Internet Explorer 11 is not supported

For optimal browsing, we recommend Chrome, Firefox or Safari browsers.

Louisiana Sheds 160,000 from Medicaid Coverage

Since federal protections keeping the medical insurance intact during the pandemic ended in April, approximately 3 in 4 patients have lost coverage due to “procedural reasons.” At least one-third of those patients are children.

Louisiana has shed over 160,000 people from its Medicaid rolls since federal protections keeping the insurance intact during the pandemic ended in April, according to state data. Of those, at least 53,079 — about 33 percent — are children.

Medicaid is the public health insurance program mainly for low-income people. It also covers some of the elderly and disabled population. At its height earlier this year, Louisiana's Medicaid enrollees ballooned to over two million — about 45 percent of the population. That's about 450,000 more than what was typical for the state before the pause.

States have begun the so-called "unwinding" process across the nation. So far, 3 in 4 Medicaid patients in Louisiana have lost coverage due to "procedural reasons" — technicalities like paperwork, incomplete renewal packets or outdated contact information. But many have been able to re-enroll.

"Some people are able to reapply and get back on and it's not an issue," said Courtney Foster, Medicaid policy advocate for the Louisiana Budget Project. "But we know when there is a discontinuity in coverage, that can have an impact on if people go to the doctor because of the confusion around if they may have to pay."

In children, that could lead to educational and developmental delays that are harder and more expensive to address the longer they are allowed to fester, advocates said. Seven in ten children in Louisiana were covered by Medicaid by early this year. Only New Mexico has a higher rate of children who rely on Medicaid for health care.

'Much Harder to Fix'

Children amount to over 800,000 enrollees in Louisiana's Medicaid programs, said Susan Nelson, executive director of Louisiana Partnership for Children and Families, a nonprofit advocacy organization.

"Any decline in that is problematic, and we've actually been watching the rates of children's insurance go down for several years prior to this," she said.

Kids who don't have health insurance might not be able to get a doctor's appointment for their typical check-ups and vaccines. That results in a loss of the screening processes — things like hearing, vision and balance — that identifies when children are falling behind on developmental milestones, said Nelson.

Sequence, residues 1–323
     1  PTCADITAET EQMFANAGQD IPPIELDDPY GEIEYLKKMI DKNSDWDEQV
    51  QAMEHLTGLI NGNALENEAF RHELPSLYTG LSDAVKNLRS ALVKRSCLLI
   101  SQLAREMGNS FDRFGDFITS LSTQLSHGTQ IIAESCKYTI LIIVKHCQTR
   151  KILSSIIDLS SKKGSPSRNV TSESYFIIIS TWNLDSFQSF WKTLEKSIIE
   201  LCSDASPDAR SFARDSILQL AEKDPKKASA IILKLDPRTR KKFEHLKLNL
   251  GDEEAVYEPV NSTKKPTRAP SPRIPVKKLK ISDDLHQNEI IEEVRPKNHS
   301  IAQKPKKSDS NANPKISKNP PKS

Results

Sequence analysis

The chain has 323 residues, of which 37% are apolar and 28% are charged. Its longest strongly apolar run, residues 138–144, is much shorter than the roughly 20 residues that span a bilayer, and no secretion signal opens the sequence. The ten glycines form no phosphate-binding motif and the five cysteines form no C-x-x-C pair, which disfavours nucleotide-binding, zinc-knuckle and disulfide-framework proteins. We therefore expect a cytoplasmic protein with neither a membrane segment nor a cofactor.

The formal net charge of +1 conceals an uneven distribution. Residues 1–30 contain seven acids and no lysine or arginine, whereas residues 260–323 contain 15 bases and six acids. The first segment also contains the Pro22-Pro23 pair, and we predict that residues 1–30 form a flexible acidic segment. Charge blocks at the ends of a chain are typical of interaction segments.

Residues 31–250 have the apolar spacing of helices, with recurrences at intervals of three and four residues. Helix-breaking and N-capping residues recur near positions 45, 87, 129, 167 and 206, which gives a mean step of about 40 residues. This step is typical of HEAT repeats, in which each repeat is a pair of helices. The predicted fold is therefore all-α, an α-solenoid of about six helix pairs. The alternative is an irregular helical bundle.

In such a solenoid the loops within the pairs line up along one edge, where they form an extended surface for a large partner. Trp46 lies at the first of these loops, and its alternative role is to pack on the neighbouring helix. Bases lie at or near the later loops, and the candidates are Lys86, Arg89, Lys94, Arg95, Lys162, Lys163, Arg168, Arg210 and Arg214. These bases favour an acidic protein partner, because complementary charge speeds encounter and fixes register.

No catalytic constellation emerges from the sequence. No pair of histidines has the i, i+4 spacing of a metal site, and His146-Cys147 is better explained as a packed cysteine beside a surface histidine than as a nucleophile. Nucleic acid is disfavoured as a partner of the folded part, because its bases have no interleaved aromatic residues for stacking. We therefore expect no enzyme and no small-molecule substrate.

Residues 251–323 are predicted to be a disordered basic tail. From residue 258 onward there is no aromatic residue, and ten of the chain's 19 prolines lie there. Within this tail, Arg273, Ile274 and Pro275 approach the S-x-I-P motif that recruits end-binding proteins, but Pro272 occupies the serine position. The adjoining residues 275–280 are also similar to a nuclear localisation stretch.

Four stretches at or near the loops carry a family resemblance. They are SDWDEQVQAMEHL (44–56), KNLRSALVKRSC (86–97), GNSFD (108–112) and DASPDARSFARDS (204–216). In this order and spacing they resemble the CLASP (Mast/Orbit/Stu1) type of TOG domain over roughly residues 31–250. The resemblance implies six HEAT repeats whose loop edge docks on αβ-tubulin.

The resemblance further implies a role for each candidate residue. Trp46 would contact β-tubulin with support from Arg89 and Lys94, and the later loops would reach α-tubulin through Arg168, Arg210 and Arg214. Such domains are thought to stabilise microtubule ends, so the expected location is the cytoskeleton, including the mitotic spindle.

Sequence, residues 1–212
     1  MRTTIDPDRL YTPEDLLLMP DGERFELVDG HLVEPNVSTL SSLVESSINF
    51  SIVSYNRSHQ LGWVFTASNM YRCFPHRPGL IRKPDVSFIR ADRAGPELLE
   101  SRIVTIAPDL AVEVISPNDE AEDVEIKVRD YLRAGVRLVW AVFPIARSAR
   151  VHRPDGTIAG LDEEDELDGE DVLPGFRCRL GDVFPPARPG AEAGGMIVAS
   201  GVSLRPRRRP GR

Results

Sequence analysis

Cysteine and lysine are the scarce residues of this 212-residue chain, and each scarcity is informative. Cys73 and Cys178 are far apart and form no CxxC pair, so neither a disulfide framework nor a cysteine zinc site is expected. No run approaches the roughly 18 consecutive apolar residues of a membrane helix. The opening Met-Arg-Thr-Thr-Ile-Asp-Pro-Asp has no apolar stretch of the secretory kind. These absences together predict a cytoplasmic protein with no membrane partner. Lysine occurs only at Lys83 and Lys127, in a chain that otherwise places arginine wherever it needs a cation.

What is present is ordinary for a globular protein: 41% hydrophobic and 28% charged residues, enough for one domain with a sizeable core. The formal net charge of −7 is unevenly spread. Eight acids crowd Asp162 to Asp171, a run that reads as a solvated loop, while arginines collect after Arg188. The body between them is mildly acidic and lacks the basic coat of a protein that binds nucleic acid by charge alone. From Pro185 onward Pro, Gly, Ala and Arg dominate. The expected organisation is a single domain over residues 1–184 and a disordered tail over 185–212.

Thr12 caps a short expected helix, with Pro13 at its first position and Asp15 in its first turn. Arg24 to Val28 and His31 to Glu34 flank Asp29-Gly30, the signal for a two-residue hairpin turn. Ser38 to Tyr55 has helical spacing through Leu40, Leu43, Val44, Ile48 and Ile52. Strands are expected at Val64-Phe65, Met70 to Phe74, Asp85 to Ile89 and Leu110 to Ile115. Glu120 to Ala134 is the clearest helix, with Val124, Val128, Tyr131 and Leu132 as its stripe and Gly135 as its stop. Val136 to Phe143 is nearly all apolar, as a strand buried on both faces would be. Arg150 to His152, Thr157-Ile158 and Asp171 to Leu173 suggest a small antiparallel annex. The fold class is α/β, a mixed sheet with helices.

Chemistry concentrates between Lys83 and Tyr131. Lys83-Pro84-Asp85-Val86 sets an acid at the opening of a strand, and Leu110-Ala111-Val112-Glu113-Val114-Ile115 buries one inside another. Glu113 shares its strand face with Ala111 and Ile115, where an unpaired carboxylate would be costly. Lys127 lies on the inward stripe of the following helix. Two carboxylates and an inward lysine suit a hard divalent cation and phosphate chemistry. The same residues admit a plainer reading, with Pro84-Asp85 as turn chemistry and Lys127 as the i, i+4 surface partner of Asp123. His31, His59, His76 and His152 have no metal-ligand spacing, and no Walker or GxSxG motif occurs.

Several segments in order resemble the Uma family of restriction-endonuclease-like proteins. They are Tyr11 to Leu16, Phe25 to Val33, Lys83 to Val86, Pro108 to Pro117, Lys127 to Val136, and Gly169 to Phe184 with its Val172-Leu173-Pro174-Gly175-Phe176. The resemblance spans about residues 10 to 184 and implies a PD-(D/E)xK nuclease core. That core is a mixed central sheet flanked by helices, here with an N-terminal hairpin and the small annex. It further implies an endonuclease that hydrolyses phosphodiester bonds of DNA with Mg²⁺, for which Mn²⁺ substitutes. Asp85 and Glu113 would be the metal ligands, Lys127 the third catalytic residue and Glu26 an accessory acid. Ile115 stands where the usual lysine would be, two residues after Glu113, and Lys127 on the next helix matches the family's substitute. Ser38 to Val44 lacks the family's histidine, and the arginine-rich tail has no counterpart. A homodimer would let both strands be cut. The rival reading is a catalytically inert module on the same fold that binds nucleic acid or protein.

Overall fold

"What we're going to see is children down the road with profound educational delays that are much harder to fix in third, fourth, fifth grade," said Nelson.

Some states, such as Maine, provide continuous coverage for kids up to age 6 if they qualify for Medicaid at any point. Louisiana covers kids for 12 months once they qualify, then they have to re-enroll. For parents with multiple children enrolled at different times, that can be taxing, said Nelson.

Children have typically made up a small portion of Medicaid spending. In 2019, CHIP, the program that covers children when their parents make slightly too much to qualify for Medicaid, accounted for 3 percent of the $12.4 billion-dollar budget.

The federal government covers a large portion of Louisiana's Medicaid costs, usually between 70-74 percent. Next year, for every dollar it spends, Louisiana will receive about $1.67 from the federal government.

Louisiana has made more of an effort than most states to renew Medicaid beneficiaries automatically, using state wage databases to check for eligibility before kicking someone off. About 80 percent of the state's renewals were through this "ex-parte" process, compared to a 56 percent national average, according to a report from the Kaiser Family Foundation.

Of the nearly 162,000 people who have lost Medicaid in Louisiana as of the end of August, about 28,300 have re-enrolled, a process called "churning." Of those, about 15,200 are children.

State representatives reaching out to families have run into address changes and phone calls that go unanswered. Many Louisiana residents moved over the last three years due to change in financial status or after a number of hurricanes hit the state. Rural residents have been especially hard to reach, said Erica French, Southeast Louisiana Community Outreach Coordinator. That's led to the high number of people falling off for procedural reasons.

The state has a disenrollment rate of 37 percent, landing it somewhere in the middle for the number of residents taken out of the program. Comparatively, states such as Texas, Idaho and Montana have disenrolled over 60 percent of people who receive Medicaid.

"It's nice that Louisiana is doing better than other states," said Foster. "We still could be doing better."

The state did not answer questions about how reenrollments affected the total fluctuation of children on Medicaid.

People looking to renew their Medicaid coverage can call 1-888-342-6207 or visit for assistance.

(c)2023 The Times-Picayune | The New Orleans Advocate. Distributed by Tribune Content Agency, LLC.

TNS delivers daily news service and syndicated premium content to more than 2,000 media and digital information publishers.
From Our Partners